Your business management solution is a critical part of doing business. Keeping your solution up-to-date is essential to the future of your business. By taking advantage of new functionality and enhanced capabilities available in recent releases in Microsoft Dynamics NAV, you can boost productivity, reduce costs, and improve customer service.
Upgrading your solution also keeps it running smoothly with the latest technology and infrastructure advances, so you can maximize your existing investment in other Microsoft products and services.
Comparing to previous releases, Microsoft Dynamics NAV 2016 has become even faster to implement, simpler to use and with the power to support your business ambitions. Cloud or on-premises deployments give you the flexibility to choose what’s best for your business. You’ll also be able to see which of the licensing options give you access to these new features and capabilities.
The Starter Pack gives you core Financials and Distribution functionality.
The Extended Pack adds functionality that allows you to integrate core financials and distribution management with industry specific functionality extensions such as Manufacturing, Warehousing, Professional Services and Basic Customer Relationship Management.
Microsoft Dynamics NAV for Phones and Tablets
New User Concept
Surface Microsoft Dynamics NAV Information Directly in SharePoint Online
Zetadocs Express for Microsoft Dynamics NAV
Microsoft Dynamics NAV as a Hosted app in Office 365
Interoperability with Office 365 and Excel
Single Sign On
ADCS Using Web Services
Microsoft Dynamics NAV Application Profiler
Improved Extensibility for Microsoft Dynamics NAV Clients
Interoperating with the Microsoft .NET Framework
Microsoft Dynamics NAV Provisioning Tools for Windows Azure
Connecting the Windows Client over a Wide Area Network Connection (WAN)
Microsoft Azure SQL Database
Integration with Microsoft Dynamics CRM
Data Upgrade Automation
Integration with Microsoft Office
Microsoft Office Alignment of Microsoft Dynamics NAV Windows and Web clients
Predefined User Permissions
Microsoft Dynamics NAV Web Client
Batch Creation of Journal Lines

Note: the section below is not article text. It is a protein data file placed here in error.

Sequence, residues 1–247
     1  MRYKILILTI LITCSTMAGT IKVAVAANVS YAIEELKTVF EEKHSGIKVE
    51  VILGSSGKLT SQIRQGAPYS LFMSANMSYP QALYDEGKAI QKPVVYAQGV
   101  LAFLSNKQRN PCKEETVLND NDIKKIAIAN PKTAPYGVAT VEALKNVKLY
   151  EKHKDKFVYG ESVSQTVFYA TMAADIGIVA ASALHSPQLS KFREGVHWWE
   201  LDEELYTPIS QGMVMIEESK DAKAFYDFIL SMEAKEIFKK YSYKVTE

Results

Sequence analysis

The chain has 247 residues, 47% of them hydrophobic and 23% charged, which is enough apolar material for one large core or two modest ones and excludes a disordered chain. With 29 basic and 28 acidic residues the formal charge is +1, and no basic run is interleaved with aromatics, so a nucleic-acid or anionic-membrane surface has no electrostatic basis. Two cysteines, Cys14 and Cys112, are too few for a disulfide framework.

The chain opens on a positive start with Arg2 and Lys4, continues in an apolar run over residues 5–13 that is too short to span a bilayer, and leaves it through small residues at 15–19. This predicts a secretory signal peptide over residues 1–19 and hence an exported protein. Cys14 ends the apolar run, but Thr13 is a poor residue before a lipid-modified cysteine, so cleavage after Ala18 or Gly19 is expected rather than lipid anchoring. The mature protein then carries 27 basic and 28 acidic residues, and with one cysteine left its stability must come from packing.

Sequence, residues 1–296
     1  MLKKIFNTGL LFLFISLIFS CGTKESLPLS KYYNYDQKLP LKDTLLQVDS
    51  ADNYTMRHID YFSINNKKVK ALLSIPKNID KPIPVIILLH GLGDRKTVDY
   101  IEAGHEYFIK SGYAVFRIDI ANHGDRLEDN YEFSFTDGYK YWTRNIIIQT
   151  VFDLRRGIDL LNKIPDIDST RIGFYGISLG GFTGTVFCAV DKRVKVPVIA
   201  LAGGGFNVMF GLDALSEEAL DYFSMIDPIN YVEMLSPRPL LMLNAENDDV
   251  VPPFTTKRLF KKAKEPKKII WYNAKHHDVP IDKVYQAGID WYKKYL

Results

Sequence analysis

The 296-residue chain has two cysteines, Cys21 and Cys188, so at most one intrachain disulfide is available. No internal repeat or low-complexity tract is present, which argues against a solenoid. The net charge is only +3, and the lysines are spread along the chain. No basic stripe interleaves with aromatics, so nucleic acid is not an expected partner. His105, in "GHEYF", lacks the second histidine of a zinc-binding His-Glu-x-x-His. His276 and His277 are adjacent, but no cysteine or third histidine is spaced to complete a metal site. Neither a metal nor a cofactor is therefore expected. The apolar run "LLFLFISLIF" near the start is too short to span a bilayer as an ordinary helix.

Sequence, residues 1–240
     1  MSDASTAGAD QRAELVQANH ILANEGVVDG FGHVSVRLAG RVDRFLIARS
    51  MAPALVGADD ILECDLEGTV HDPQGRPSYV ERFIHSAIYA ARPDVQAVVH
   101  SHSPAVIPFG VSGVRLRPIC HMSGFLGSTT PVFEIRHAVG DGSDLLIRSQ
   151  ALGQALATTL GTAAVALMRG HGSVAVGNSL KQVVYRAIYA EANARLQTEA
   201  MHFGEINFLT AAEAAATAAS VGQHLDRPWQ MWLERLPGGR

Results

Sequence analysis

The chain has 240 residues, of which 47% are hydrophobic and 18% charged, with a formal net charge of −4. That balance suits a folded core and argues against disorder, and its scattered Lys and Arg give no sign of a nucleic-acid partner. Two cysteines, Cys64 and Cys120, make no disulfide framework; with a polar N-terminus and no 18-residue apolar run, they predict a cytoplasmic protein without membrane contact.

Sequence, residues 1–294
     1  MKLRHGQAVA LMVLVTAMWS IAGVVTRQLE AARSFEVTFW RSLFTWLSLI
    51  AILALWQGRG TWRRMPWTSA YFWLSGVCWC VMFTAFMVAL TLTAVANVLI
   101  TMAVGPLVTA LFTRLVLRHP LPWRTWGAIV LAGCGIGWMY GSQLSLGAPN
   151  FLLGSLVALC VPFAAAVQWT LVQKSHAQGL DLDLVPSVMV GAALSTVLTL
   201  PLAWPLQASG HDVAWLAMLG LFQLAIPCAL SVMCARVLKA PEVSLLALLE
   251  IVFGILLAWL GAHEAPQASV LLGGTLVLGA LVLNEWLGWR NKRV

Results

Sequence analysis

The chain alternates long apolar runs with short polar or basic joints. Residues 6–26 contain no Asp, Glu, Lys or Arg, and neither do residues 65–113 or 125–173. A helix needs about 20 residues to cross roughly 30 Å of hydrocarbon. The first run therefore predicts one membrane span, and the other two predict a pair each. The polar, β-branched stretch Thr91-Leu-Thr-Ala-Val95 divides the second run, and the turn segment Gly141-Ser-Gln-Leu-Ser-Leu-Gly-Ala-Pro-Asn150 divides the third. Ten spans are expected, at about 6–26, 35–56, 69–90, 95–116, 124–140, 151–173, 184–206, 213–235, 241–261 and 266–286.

Improved Charting Capabilities
Navigation and Productivity Enhancements
Server Administration Tool
Application Server (NAS) Enhancements
Setup Checklist Wizard
Online Payment Services
Bank Account Management and Bank Account Reconciliation
Intercompany Purchase Cost Distribution
Electronic Payments and Direct Debits
Reconciliation of Incoming and Outgoing Bank Transactions
Reversal of Journal Postings (Unapply)
Support for SEPA Credit Transfer and SEPA Direct Debit
Cash Flow Forecast
Predefined Key Performance Indicators (KPIs)
VAT Rate Change Tool
New Dimension Set Entry Table
Faster G/L Posting
Two New Global Setup Fields
Graphical Production Schedule
Supply Chain Management
Item Availability by TimeLine
Item Availability by Event
Additional Default Bins and Dedicated Bins
Standard Cost Worksheet
Enhanced Integration to Service Management
Supply Planning Setup Enhancements
Automated Data Capture System
Business Intelligence and Reporting
Jet Reports Express for Microsoft Dynamics NAV
Open XML Integration
Excel AddIn for Adhoc Reporting
Predefined Charts and Key Performance Indicators (KPIs)
Excel Integration to Query
Open Database Connectivity (ODBC) Driver
Microsoft SQL Server Reporting Services from within Microsoft Dynamics NAV
Sales and Marketing
Sales and Purchase Document Approval
Payment Terms Translation
Enhanced Integration with Manufacturing, Warehouse Management and Assembly Management
The flow of money or funds goes upstream from customer to producer and from producer to supplier as intermediate or final products or service are paid for.
This funds flow is not linear since some upstream payments may occur long before the final good or service is even purchased.
Why is it critical to improve the flow of funds within a supply chain? There are several advantages to better flows:
It reduces cash-to-cash cycle time.
(Definition) Cash-to-cash cycle time is an indicator of how efficiently a company manages its assets to improve the speed or turnover of cash flows.
What is considered a normal duration for cash-to-cash cycle time will differ by supply chain, industry and organizational strategy.
It is not necessarily possible to compare cycle times without understanding the relevant strategies for each business. However, an organization’s cycle time is a bench mark for its own continuous improvement.
The improved turnover of funds improves customer-supplier relationships through lower perceptions of risk, improved reliability and better communications which in turn tend to further improve relationships, yielding a win-win situation throughout the supply chain.
Improved cash flow tend to reduce imbalances between the layer and smaller players in the supply chain. Consistent rules for integrated cash flows across the supply chain help avoid the situation in which sizable retailers request more liberal payables terms from manufacturers and large manufacturers do the same with their smaller suppliers.
The initial efforts in supply chain management focused primarily on cutting costs because the supply chain constituted one long cost center. It was all about removal of waste, time, unnecessary motion, defects and extra costs.
(Definition) Spend Management is managing purchases of goods and services in a supply chain, including outsourcing and procurement activities.